Where did the Agent come from?
When SamKnows first burst into life in 2008, it was hard to find one reliable measurement of broadband performance. One that wasn’t tarnished by other traffic on the network, the speed-sapping effects of Wi-Fi, or simply because it was testing only the speed between the user and a test server a few miles down the road.
Skip ahead 15 years and SamKnows is taking so many real-world performance measurements every day that chief technology officer Sam Crawford has lost count. “Embarrassingly, I don’t know the current volume of collections per day,” he admits. “It’s well into the billions of measurements per day, though.”
What’s more, each of those billions of performance tests is measuring something real: how long it takes to download an image from Facebook, the bitrate of a video streamed from YouTube, the packet loss on the Call of Duty servers. It isn’t a piece of educated guesswork, based on a synthetic test to a dedicated test server somewhere; it’s a carefully calibrated analysis of real-world application performance.
All that’s possible because of a piece of software: the SamKnows Agent. It’s now found in tens of millions of broadband routers across the globe, unobtrusively taking performance measurements 24 hours a day.
This is the story of the SamKnows Agent: how it came to be, how it evolved, and how it transformed the way broadband performance is measured around the world.
The SamKnows Agent is now found in tens of millions of broadband routers around the globe
A different type of testing
Today’s broadband market is very different to the one that existed in 2008, when there was almost no independent verification that consumers were getting what they paid for.
“I remember driving somewhere and seeing a billboard on the side of the motorway advertising very low-cost broadband from some provider, and there were no caveats in the small print about the kind of speeds you should expect during peak hours,” said Sam. “Nowadays, you can take it for granted that ou’re going to generally get pretty good speeds all of time from a decent ISP in a well- provisioned area. But at that time, you definitely couldn’t take that for granted. There were lots of capacity problems all of the time.”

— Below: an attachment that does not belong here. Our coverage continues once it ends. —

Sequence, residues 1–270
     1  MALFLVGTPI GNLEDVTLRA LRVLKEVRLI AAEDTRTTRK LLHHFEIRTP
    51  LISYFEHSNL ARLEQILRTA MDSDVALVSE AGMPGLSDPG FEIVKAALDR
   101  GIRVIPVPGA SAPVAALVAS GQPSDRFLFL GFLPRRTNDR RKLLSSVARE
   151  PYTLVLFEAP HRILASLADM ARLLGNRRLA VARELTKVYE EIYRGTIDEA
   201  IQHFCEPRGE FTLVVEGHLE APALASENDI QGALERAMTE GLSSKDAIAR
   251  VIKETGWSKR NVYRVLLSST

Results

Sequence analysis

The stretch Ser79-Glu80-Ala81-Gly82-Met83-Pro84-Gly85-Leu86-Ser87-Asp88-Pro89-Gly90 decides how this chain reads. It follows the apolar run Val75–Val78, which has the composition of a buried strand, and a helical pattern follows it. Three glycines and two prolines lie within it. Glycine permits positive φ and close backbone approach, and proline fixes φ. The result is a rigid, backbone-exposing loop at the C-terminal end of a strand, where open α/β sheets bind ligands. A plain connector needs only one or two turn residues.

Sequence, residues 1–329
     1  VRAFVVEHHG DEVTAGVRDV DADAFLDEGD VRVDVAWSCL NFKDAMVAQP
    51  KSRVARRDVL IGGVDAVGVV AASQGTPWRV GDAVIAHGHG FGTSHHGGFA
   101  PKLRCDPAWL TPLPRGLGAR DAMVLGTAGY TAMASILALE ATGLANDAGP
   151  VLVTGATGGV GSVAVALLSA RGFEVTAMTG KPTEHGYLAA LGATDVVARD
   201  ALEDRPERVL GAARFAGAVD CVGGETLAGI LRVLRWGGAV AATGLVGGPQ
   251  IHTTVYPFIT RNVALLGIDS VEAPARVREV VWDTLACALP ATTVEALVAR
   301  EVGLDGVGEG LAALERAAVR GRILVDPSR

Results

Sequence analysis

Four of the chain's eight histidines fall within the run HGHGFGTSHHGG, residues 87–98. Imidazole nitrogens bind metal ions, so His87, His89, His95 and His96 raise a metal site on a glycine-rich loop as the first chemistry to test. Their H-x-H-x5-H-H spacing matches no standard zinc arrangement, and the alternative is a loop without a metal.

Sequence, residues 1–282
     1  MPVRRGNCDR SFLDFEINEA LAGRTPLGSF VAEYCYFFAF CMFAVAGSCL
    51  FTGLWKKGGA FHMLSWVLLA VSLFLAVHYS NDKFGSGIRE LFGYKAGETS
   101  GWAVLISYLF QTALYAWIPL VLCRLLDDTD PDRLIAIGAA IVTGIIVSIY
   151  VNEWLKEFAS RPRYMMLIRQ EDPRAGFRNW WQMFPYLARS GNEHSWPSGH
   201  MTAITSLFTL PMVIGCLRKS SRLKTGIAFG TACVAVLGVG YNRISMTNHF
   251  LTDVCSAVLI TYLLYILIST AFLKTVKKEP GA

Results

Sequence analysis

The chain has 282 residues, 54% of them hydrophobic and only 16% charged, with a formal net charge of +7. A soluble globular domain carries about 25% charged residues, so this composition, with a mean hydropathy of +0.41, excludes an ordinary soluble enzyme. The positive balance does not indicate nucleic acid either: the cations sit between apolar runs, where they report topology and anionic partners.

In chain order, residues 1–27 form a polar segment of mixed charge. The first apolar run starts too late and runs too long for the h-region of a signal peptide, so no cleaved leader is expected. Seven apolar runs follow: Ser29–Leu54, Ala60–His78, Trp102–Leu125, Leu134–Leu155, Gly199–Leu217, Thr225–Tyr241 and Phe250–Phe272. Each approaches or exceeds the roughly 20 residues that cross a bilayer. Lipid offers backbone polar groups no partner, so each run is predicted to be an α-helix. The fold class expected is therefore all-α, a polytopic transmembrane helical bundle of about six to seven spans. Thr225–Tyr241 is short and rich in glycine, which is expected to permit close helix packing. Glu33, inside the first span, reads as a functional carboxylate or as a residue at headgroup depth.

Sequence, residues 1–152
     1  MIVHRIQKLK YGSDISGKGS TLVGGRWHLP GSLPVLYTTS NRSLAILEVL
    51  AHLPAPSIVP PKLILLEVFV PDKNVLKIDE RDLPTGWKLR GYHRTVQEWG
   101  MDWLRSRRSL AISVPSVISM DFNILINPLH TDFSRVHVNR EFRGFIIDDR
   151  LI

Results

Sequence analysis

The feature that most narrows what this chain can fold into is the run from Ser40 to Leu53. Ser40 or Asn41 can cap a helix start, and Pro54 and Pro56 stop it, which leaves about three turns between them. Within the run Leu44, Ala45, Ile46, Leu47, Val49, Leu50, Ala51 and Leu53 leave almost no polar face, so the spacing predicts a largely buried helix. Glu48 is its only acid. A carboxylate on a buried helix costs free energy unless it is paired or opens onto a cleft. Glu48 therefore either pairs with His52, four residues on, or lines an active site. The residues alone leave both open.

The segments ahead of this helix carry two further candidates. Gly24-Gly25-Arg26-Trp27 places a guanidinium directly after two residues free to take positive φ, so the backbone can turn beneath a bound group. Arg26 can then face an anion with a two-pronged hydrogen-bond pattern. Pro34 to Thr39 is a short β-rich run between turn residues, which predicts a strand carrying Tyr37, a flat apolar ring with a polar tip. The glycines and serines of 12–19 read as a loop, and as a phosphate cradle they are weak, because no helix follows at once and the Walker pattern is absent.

“I thought wouldn’t it be great if there was some way of shining a light on this,” Sam adds.
Sam examined the broadband performance tests that were available at the time, but wasn’t impressed with what he found. “Everything was very focused on speed,” he said. “There wasn’t really any consideration of latency or packet loss, or even variation by time of day or looking at different protocols.
No one was measuring anything like BitTorrent or web page loading times. There were still problems with DNS response times from ISPs’ DNS servers, which were all over the place. So, just running pure speed tests alone – I didn’t think that was enough.”
With a background in computer science and the desire to ensure that any tests he created were defensible, Sam devised a test methodology that was different to anything else available at the time.
Passive vs active
Broadband performance tests can be broadly broken down into two categories: passive and active. Passive tests might use deep packet inspection to infer performance characteristics from real user traffic.
For example, your ISP might see that you’re using 3Mbits/ sec and you’re connecting to servers in Netflix’s IP range, so you can infer some metrics about latency and bandwidth consumption based on that data. On the plus side, such passive measurement is easy to deploy, doesn’t require any user interaction and, potentially, gives providers huge swathes of data.
But it’s a long way from perfect. You can only measure what the user’s actually doing on their broadband connection, at the time they’re doing it. If you’re trying to draw a distinction between off-peak and peak-time usage and the user only uses broadband when they get in from work in the evenings, then you’re out of luck. Neither do you have any idea if the user is connecting to Netflix from a wired Ethernet connection or from their phone on the garden patio, which can have a massive impact on performance, along with a host of other in-home factors. Also, as Sam points out, “it’s a privacy minefield”.